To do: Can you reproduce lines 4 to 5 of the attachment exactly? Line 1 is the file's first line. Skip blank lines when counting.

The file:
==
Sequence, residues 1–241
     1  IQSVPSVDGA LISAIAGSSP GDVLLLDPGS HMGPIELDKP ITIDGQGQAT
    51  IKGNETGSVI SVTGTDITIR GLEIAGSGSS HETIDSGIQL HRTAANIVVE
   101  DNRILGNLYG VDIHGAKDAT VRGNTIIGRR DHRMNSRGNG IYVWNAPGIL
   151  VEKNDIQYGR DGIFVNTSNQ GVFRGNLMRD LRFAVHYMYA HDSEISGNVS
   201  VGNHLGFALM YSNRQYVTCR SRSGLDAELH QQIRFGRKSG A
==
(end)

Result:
   101  DNRILGNLYG VDIHGAKDAT VRGNTIIGRR DHRMNSRGNG IYVWNAPGIL
   151  VEKNDIQYGR DGIFVNTSNQ GVFRGNLMRD LRFAVHYMYA HDSEISGNVS